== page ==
• Backup connections as fail-safes — Since our BLE mesh sends its data to one location as the gateway out to the internet, multiple connections can be set up as fail-safes to make sure the system is AlwaysOn 😉, including LTE, Ethernet, and Wi-Fi. We can even support multiple LTE carriers as an additional failsafe.
  • Lower costs — Our BLE mesh panic buttons don’t require as much hardware because everything is connected. Also, this means our alert devices are smaller and cheaper as they do not need to be Wi-Fi or LTE capable, nor do they need to be paired to a secondary device such as a phone.
  • Better security protocols — The security (encryption) of the data being sent over Bluetooth mesh is likely comparable to standard BLE systems. However, in those systems, there is effectively a gateway in every room or every user’s pocket, while ours are locked into networking closets. Hence, the potential of a bad actor getting access to our backend data pipeline is significantly reduced.

BLE vs BLE Mesh Panic Buttons — A Simple Analogy

To use an analogy, BLE is simply a wireless communication protocol like radio is to sound. When a company or technology says it is using BLE in its panic buttons, they are simply saying that it uses radio (BLE) to transmit a sound (the alert location).

Imagine speakers in a house. Using BLE technology would be like having a speaker in every room but as you go from room to room the sound starts to get distorted and you must manually connect to the speaker in each new room. With BLE Mesh, you can move from room to room without any interruption or connecting manually because each speaker is passing on the information to each other.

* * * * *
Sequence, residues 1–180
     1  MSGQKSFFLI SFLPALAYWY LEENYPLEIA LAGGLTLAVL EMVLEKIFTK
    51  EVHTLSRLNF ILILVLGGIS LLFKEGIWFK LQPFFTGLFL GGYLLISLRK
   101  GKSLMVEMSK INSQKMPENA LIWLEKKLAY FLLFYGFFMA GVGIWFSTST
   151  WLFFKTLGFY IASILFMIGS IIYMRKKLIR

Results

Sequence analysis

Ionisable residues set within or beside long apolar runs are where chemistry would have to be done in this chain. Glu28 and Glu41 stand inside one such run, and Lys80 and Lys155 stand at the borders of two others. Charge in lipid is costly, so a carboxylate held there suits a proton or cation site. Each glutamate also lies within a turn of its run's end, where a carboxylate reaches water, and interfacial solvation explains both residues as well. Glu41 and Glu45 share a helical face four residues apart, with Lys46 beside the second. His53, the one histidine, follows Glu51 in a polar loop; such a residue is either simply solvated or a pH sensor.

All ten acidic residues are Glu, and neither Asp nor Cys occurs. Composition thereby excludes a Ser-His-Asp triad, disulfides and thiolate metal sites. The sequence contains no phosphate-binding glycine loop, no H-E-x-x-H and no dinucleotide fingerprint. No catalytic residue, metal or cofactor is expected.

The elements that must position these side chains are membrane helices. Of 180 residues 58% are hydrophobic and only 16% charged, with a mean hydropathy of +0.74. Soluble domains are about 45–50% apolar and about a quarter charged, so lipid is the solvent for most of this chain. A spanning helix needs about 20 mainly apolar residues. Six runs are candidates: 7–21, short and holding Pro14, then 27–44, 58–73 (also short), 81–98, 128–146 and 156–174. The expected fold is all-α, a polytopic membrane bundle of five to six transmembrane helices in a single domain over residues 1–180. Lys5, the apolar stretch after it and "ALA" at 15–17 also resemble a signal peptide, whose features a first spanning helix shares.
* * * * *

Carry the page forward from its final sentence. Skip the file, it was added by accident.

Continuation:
To apply this to a hotel setting, a standard BLE beacon is a lone person per room (or per two rooms) whispering their name on repeat so that when someone enters, they know what room they are in. Say someone whispers, “Help needed in room 101, room 101, room 101!” If no one enters that room, those whispers go unheard. Now consider your beacon with a dying battery and suddenly the reliability of your Bluetooth panic button network is compromised. With BLE mesh, a robust community is built where everyone is able to communicate with each other at all times without fear of going unheard.

Simple….right? For further information on exactly how our system works, why it’s more effective than others, and to answer any questions you might have, contact a member of the ROAR today to discuss how we can help protect your people.

About Author

Yasmine Mustafa

Yasmine Mustafa believes ROAR found her, not the other way around. A former refugee and undocumented immigrant, she draws upon her unique life experiences to lead ROAR in its mission to empower and protect workers across all industries. Her journey is a testament to resilience and unwavering commitment. With over 15 years of leadership in the tech industry, including the successful sale of her first company, 123LinkIt, to a firm in Silicon Valley in 2009, Yasmine is a driving force for positive change, balancing profits with purpose. Yasmine’s workplace safety advocacy and leadership have earned recognition from the BBC, CNBC’s Upstart 100 and the City of Philadelphia. Yasmine is a highly sought-after conference speaker. A two-time TEDx speaker, Yasmine has also presented at the prestigious SXSW and CES conferences, sharing her deep passion for harnessing technology for positive change. Beyond her professional life, Yasmine enjoys time spent with friends and family, exploring the outdoors, biking, and hiking. She also dedicates her time to the boards of Coded by Kids, Leadership Philadelphia, and the Philadelphia Alliance for Capital and Technologies.

Leave a Reply

Your email address will not be published. Required fields are marked *